After a long voyage and stop in Goa, their ship docks in Macao where the two priests meet a Japanese man, a drunk named Kichijiro (Yôsuke Kubozuka), that they hope will guide them to Japan. He will not admit to being a Christian, but he does want to go home. The priests endure hardship but press forward with a guide who seems less than trustworthy.
After another long voyage with almost nothing to their names, they arrive at an island and wade to shore. Soon enough villagers recognize the “padres” and hide them away. The priests discover that Christians are living underground, baptizing their babies and praying in secret. They learn that Kichijiro is a Christian when he asks for absolution for his apostasy that had caused him to flee Japan.
It is too much for the priests to stay hidden and they venture out. They meet Christians who are grateful for their return but fearful for the padres if they are caught. But word spreads and the authorities investigate. A cunning inquisitor, Inoue (Issei Ogata), insists that Christians make themselves known and apostatize or three will be taken and killed. Three men, one of them in his 80s, refuse to step on the image of Mother and Child. Inoue’s men tie them to crosses and raise them up in the ocean where they are buffeted incessantly by the waves for days until they die. The priests watch from a cave, stunned at what their presence has provoked.
The two priests decide to separate in their search for Ferriera whom they believe is in Nagasaki. Rodrigues meets Christians and hands out all the crosses and religious items he has and even gives away the beads of his rosary, one by one. He wonders if the people have more faith in sacramentals than in Jesus.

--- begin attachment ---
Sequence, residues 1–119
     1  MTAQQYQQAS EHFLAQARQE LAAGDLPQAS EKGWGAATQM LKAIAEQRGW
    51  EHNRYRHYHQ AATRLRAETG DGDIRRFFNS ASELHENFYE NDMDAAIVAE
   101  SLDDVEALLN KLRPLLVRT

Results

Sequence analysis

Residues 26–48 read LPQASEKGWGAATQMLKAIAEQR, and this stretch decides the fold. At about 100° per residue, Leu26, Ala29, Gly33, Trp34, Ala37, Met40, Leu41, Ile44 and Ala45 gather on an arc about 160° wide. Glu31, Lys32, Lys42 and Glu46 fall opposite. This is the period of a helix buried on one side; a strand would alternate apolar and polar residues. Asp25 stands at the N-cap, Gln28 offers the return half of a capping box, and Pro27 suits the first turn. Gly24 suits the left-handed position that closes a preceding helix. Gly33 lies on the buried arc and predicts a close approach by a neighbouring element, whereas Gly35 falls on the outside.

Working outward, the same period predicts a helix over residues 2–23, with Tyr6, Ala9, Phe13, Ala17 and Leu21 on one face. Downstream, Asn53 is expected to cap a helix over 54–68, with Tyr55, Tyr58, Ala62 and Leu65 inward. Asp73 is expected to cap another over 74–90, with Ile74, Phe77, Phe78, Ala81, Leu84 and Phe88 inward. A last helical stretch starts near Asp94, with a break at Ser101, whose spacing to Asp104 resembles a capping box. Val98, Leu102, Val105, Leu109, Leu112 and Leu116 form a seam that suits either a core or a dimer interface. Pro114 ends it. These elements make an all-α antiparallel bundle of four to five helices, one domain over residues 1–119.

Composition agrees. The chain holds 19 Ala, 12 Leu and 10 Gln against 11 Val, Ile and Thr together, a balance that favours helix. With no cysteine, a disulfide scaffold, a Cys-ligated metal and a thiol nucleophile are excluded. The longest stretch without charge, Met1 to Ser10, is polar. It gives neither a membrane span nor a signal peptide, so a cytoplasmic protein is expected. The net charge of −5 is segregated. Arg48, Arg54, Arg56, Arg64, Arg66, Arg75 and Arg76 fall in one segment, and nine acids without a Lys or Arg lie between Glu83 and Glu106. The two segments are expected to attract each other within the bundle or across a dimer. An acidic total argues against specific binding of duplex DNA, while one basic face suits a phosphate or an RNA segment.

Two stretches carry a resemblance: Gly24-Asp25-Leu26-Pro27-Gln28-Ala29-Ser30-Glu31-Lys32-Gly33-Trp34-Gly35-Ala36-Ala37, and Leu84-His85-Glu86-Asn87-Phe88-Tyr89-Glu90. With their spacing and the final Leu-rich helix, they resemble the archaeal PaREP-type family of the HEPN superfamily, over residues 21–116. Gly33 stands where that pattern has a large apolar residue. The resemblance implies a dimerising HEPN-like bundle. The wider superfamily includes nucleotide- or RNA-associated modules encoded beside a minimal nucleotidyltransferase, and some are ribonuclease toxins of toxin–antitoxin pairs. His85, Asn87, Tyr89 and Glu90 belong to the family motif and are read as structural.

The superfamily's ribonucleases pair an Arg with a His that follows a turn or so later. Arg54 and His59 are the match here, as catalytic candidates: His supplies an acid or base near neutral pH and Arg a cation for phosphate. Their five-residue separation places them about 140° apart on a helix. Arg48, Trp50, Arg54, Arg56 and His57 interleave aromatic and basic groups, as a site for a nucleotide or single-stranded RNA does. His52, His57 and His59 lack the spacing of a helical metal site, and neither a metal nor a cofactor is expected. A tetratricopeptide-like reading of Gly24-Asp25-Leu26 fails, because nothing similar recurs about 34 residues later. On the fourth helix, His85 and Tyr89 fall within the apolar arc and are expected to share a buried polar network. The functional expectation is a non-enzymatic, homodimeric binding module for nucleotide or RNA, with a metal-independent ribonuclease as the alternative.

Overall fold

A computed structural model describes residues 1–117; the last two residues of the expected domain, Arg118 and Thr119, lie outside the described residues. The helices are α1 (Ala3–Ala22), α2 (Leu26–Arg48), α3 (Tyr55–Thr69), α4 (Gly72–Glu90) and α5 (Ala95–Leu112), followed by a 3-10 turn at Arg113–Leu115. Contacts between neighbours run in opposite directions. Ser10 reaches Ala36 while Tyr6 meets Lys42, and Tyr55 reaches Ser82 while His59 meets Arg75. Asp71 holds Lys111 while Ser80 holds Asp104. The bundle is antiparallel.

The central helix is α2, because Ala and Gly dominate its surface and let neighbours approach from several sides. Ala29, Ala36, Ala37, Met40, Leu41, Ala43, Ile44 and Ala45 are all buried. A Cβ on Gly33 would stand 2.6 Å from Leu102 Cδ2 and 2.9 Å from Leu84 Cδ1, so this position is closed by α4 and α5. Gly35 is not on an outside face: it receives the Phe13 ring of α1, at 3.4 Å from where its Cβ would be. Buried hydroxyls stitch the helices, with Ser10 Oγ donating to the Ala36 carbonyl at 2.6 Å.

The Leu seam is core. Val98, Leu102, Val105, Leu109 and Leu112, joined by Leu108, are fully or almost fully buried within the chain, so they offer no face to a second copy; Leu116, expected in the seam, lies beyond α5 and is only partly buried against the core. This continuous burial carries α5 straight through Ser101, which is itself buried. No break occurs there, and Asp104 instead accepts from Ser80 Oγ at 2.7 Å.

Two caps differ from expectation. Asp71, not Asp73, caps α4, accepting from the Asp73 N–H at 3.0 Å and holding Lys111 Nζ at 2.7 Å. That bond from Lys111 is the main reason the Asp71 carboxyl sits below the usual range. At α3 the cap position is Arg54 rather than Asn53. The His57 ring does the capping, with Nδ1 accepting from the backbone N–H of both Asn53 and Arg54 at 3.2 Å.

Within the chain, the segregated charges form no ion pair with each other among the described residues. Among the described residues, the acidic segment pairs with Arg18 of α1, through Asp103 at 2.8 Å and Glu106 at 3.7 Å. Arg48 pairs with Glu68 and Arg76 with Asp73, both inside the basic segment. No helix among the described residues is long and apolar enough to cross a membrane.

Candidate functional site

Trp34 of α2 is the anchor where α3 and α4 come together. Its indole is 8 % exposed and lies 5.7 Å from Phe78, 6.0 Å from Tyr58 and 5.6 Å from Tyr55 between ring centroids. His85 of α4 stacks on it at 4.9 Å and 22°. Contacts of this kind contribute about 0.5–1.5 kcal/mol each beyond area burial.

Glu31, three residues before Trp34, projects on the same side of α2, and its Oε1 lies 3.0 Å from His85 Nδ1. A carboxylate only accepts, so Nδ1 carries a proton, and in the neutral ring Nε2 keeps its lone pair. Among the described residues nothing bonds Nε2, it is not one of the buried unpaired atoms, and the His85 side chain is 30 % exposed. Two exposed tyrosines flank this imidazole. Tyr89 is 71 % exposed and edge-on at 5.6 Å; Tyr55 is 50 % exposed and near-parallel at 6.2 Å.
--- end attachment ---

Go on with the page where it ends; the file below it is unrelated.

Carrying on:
Rodrigues ministers to a small group of Christians who are jailed with him. Then Inoue threatens the priest with “the pit” torture where he, and the other Christians, will be hung upside down over an enclosed pit of excrement until death or until he apostatizes. But where, in all this, is Ferriera? And Rodrigues wonders, where is God in the suffering of the people and his own anguish? Why is God silent?
“Silence” is replete with layered human, theological, and spiritual themes that writers Jay Cocks and Scorsese imbue with respect for their subject. For those who know the book, there is time compression, and the character of Inoue is an amalgam of all the inquisitors or officials in the story. Monica, a Christian woman in the final part of the book, shows up in the early scenes. Scorsese has added something to the end of the story, the very end of the book, the inclusion of which I will leave for you to judge. The cinematography of Rodrigo Prieto is either atmospherically panoramic or intensely close-up and personal. This, along with the accomplished editing of Scorsese’s frequent collaborator, Thelma Schoonmaker, reveals Scorsese’s Catholic and sacramental imagination at its most refined, in haunting beauty. Garfield and Driver are very good, and Driver has the look of an El Greco Christ.
There are violent scenes in the film, but Scorsese stays close to the book and shows visual restraint, something that surprised me given the explicit gore in many of his previous films. Some day, when we have all processed this film, I think we will see that “Silence” marks the height of his artistry and storytelling as a Catholic filmmaker where the character of the saint and the sinner are always near.
At the top of the thematic list are faith and doubt as partners in a dangerous dance from the moment the priests first find out about Ferriera’s apostasy. They leave Portugal and Rome, their gaze focused on a land far away, bolstered by a faith yet untested. Rodrigues especially carries in his heart … CLICK HERE to continue reading at the National Catholic Reporter … great stuff to come. Read on!